Major mountain stage featuring this year’s Cima Coppi. The route winds its way up the Valle d’Aosta region before reaching its principal city, Aosta, where the lengthy ascent to the Great St Bernard (26 km at 5.0%) begins, at the end of which the peloton will cross the tunnel into Switzerland. The race is held on wide, well-paved roads for pretty much the entire stage. After the tunnel, the riders will hit the descent to Sembrancher (30 km), followed by a detour to Verbier to tackle the unprecedented Croix de Coeur (15 km at around 9%). This is followed by a demanding descent, featuring a very narrow first part, while the second section is wide and in excellent conditions, with six illuminated tunnels. The peloton will then ride through the Rhone Valley (the only completely flat section of the stage) to the foot of the final climb.
The closing climb (13 km at 7%) is steep in the first part, with several hairpins. The gradient eases out until the last kilometres, with a mild descent leading into the final stretch. The home straight is 300 m long, on 8 m wide tarmac, and uphill.
start / finish
Borgofranco d’Ivrea (Piedmont), small agricultural village, built towards the end of 1200 by the will of the bishop of Ivrea and the Marquis of Monferrato to constitute an outpost in a disputed area ( borgo-franco) Over the centuries and with ups and downs it has been transformed into the current residential complex at the confluence of an important road junction that connects Piedmont, Biella, Valle d’Aosta and from there France and Switzerland and on the Turin-Aosta railway line.
In ancient times, pilgrims from England (Canterbury) and France travelled from Borgofranco to Rome along the Via Francigena. Route still current and much used by slow tourism – sustainable.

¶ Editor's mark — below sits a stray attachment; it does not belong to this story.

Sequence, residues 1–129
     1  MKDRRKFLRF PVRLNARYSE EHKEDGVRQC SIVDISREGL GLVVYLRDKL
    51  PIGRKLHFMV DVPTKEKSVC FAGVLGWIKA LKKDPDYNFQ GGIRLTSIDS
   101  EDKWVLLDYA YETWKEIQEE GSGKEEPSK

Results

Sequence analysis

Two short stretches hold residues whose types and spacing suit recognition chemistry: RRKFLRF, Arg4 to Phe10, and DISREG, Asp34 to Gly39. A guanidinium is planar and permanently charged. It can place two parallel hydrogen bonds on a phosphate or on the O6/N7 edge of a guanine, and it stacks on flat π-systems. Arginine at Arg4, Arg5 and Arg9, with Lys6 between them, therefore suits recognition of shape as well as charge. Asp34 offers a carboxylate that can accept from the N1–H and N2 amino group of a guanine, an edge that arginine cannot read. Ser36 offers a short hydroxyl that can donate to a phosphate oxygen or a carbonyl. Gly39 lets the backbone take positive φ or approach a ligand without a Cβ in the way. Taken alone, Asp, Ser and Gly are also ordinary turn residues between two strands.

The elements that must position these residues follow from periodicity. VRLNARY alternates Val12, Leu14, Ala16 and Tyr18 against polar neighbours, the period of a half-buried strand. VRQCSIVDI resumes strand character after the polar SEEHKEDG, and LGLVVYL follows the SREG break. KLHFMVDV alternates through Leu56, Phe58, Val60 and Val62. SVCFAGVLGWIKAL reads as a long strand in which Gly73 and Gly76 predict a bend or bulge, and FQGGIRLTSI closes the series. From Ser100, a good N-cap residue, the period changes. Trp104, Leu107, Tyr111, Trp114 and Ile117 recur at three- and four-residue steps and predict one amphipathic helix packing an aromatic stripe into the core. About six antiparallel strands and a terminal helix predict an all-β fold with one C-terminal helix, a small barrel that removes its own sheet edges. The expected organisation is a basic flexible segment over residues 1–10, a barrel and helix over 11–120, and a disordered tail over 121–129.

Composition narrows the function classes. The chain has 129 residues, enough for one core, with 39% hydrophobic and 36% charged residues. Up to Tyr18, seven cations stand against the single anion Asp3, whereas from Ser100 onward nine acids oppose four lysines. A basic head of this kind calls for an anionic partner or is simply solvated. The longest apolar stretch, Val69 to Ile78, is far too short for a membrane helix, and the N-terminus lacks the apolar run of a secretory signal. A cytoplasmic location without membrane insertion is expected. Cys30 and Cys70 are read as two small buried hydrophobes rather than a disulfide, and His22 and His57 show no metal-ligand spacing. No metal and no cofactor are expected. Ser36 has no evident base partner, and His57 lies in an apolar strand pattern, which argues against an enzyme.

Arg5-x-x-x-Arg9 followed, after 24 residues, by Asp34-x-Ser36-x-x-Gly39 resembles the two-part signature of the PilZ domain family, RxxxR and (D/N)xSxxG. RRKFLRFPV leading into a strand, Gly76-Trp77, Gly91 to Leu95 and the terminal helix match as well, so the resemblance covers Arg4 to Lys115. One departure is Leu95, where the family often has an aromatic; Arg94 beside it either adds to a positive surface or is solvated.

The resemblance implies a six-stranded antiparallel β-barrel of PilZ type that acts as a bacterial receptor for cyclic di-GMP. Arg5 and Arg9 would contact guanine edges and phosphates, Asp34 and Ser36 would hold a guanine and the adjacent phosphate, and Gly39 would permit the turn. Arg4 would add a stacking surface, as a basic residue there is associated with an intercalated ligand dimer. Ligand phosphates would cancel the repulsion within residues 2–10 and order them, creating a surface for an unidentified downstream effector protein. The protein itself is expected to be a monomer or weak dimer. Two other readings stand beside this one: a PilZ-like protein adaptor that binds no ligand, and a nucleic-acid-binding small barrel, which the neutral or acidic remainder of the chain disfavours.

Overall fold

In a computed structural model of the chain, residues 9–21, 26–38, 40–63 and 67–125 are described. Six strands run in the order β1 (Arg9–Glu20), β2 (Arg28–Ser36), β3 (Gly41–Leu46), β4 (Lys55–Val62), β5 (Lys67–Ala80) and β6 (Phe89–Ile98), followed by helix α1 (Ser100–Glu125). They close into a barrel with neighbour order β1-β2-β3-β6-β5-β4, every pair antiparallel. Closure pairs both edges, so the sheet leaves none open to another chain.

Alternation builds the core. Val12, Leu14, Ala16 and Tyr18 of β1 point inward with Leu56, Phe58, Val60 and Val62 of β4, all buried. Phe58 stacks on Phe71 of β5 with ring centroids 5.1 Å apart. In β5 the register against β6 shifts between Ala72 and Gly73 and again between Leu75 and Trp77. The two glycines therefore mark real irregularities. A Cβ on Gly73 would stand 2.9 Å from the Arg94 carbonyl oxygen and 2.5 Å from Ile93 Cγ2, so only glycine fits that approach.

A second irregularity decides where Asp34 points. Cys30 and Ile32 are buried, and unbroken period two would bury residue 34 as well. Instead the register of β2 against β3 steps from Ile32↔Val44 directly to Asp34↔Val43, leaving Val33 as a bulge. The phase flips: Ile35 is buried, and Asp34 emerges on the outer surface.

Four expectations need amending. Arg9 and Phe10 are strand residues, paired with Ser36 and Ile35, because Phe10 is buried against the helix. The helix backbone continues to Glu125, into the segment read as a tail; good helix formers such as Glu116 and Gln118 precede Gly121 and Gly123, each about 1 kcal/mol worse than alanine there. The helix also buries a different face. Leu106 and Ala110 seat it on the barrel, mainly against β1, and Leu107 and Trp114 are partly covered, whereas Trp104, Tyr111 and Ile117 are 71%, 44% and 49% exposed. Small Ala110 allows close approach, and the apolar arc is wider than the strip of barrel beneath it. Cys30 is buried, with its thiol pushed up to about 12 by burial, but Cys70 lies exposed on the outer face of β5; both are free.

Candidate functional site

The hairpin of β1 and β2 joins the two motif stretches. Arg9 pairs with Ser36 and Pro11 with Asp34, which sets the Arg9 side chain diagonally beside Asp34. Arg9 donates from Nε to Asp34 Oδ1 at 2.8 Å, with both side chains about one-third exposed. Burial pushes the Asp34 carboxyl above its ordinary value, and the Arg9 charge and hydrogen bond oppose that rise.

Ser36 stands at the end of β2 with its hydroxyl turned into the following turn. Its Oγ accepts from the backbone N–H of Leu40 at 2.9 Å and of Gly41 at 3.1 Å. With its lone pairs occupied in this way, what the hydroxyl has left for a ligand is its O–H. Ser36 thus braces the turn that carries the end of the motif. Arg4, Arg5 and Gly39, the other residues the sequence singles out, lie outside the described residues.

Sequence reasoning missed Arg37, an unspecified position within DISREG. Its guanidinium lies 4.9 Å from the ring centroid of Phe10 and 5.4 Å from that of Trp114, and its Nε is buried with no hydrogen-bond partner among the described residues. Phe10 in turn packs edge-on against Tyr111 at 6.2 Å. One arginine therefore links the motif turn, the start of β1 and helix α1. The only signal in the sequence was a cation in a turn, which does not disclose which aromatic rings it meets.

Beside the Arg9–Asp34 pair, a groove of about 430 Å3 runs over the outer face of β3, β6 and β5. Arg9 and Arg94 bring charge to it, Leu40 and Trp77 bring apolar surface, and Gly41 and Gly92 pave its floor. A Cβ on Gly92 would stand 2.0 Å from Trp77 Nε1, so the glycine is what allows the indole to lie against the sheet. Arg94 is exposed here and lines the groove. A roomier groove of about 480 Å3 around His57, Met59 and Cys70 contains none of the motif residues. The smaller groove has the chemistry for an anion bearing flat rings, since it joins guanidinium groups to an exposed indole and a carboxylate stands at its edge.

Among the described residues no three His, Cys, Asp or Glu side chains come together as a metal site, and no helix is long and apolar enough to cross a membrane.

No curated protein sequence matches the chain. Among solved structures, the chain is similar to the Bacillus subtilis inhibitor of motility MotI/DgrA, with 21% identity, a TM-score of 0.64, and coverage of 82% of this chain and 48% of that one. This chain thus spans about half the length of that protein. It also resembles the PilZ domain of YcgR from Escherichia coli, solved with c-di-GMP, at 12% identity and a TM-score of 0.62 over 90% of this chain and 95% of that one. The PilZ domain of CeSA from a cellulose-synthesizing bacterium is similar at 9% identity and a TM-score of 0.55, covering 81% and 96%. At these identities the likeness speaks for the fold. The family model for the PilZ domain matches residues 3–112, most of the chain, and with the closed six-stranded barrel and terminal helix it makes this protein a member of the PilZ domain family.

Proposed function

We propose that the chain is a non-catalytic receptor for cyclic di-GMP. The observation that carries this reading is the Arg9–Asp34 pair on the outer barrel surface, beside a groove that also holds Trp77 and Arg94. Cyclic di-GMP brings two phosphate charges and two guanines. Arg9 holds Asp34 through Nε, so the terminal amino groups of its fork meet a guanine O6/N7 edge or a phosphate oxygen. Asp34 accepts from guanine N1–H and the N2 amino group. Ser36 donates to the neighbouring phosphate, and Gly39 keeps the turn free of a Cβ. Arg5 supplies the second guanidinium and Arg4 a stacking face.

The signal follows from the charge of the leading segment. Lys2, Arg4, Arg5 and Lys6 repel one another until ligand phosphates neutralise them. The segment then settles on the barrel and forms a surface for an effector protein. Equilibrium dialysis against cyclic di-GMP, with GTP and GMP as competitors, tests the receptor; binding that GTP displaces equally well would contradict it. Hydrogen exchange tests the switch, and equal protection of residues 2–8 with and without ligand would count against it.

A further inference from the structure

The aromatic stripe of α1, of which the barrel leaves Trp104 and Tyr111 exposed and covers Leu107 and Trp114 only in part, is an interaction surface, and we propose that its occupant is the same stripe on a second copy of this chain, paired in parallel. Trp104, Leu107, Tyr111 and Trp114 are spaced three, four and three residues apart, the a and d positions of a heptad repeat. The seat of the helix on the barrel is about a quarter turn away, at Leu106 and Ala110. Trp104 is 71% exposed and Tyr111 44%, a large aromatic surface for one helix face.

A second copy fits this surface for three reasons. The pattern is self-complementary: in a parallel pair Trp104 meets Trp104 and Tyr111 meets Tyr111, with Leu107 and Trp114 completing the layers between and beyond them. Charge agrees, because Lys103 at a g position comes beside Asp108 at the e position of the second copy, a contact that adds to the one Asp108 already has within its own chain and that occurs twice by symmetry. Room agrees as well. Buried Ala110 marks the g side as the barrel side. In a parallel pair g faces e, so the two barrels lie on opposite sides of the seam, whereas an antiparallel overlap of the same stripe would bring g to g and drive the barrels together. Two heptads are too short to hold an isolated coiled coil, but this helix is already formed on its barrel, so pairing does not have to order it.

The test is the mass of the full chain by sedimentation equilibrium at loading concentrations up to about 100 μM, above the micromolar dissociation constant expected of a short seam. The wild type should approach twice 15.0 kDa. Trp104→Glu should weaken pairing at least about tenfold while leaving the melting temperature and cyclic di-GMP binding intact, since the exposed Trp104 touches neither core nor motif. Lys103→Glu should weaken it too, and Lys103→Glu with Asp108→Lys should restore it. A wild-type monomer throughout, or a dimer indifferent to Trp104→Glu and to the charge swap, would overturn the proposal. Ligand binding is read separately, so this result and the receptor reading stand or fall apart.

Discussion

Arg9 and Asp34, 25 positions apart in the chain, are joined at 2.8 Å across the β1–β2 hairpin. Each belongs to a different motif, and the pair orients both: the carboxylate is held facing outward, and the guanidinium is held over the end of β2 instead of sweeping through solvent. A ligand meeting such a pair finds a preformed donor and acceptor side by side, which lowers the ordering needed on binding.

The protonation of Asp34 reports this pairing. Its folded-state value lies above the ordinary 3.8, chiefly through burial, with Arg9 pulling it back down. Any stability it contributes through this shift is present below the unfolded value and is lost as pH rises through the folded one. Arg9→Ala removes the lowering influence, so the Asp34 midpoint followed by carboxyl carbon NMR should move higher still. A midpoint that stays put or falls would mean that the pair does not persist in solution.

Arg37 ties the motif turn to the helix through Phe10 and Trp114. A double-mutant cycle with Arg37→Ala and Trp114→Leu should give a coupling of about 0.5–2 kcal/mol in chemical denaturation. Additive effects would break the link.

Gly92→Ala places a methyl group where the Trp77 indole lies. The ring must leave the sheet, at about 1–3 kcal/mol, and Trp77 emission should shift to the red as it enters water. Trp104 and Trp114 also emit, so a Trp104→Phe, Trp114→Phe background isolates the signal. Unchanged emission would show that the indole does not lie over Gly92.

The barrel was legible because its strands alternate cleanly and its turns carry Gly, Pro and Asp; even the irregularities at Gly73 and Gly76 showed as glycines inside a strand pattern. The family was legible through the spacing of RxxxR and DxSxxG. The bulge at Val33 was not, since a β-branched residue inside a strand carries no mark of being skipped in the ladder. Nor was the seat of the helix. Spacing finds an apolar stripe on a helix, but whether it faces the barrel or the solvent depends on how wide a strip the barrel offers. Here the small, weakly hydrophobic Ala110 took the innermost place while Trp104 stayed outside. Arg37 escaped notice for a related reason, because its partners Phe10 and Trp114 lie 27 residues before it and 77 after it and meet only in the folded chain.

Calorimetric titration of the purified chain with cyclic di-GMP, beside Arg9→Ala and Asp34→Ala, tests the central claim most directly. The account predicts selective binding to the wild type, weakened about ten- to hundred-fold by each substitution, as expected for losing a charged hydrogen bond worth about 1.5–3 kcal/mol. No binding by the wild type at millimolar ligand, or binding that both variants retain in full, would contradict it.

A territory crossed by the river Dora Baltea (tributary of the Po) where thesigns left by a history of agro-pastoral economy are still evident: from the ancient Ricetto, almost intact, with the regularity of its streets and the typical rural architecture of the houses consisting of two or three floors with large arched loggias and large “travà” for hay storage and below stables, to the villages scattered around, each with its often very ancient church and a beautiful Romanesque bell tower in the hamlet of San Germano.
What distinguishes Borgofranco from the other villages of Canavese is the extraordinary complex of Balmetti, spontaneous architectures born on the basis of cellars that exploit air currents (“now”) at constant temperature from natural cavities and produced by geo-eventsspecial natural (paleofrana). An extraordinary territory characterized by the charm of an ancient village and the quiet beauty of a varied landscape made of soft hills where nature, art and culture make an interesting visit.
A place that timidly opens its doors offering hospitality and hospitality to tourists constantly looking for excellence. On foot or by bike you can walk the Via Francigena through the municipal territory offers an interesting route so you can admire the terraced vineyards, the complex of Balmetti with the former brewery De Giacomi, the ancient Ricetto and the seventeenth-century Palazzo Marini.
The territory has maintained over time the cultivation of local agricultural products passing down over time the gastronomic specialties ( poor dishes of the peasant cuisine): salami, lard, mocetta, cheese aged in the Balmetti , good wine and typical desserts (canestrelli), the latter consumed by the English Crown.